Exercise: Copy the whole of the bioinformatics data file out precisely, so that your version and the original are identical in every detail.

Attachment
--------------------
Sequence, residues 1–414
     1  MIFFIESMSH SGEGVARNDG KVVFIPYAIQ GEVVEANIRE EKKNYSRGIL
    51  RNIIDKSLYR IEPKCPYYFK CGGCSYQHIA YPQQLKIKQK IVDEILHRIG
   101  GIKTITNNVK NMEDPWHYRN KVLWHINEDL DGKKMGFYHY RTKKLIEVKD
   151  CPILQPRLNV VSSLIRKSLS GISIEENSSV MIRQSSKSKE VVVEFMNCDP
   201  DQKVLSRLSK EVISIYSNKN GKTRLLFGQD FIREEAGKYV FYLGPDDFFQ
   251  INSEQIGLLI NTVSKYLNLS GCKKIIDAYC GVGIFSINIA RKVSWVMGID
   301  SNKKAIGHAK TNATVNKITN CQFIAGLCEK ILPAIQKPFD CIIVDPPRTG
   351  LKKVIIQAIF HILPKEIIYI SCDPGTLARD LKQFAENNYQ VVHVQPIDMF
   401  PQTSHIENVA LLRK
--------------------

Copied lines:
Sequence, residues 1–414
     1  MIFFIESMSH SGEGVARNDG KVVFIPYAIQ GEVVEANIRE EKKNYSRGIL
    51  RNIIDKSLYR IEPKCPYYFK CGGCSYQHIA YPQQLKIKQK IVDEILHRIG
   101  GIKTITNNVK NMEDPWHYRN KVLWHINEDL DGKKMGFYHY RTKKLIEVKD
   151  CPILQPRLNV VSSLIRKSLS GISIEENSSV MIRQSSKSKE VVVEFMNCDP
   201  DQKVLSRLSK EVISIYSNKN GKTRLLFGQD FIREEAGKYV FYLGPDDFFQ
   251  INSEQIGLLI NTVSKYLNLS GCKKIIDAYC GVGIFSINIA RKVSWVMGID
   301  SNKKAIGHAK TNATVNKITN CQFIAGLCEK ILPAIQKPFD CIIVDPPRTG
   351  LKKVIIQAIF HILPKEIIYI SCDPGTLARD LKQFAENNYQ VVHVQPIDMF
   401  PQTSHIENVA LLRK